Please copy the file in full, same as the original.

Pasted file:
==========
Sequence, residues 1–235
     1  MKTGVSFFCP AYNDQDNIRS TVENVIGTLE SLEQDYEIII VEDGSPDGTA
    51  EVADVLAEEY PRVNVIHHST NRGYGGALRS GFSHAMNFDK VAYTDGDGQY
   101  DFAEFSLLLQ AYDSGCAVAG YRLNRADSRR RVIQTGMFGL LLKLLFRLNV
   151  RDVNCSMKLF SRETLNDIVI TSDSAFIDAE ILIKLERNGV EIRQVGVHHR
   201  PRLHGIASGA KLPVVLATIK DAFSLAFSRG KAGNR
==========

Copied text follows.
Sequence, residues 1–235
     1  MKTGVSFFCP AYNDQDNIRS TVENVIGTLE SLEQDYEIII VEDGSPDGTA
    51  EVADVLAEEY PRVNVIHHST NRGYGGALRS GFSHAMNFDK VAYTDGDGQY
   101  DFAEFSLLLQ AYDSGCAVAG YRLNRADSRR RVIQTGMFGL LLKLLFRLNV
   151  RDVNCSMKLF SRETLNDIVI TSDSAFIDAE ILIKLERNGV EIRQVGVHHR
   201  PRLHGIASGA KLPVVLATIK DAFSLAFSRG KAGNR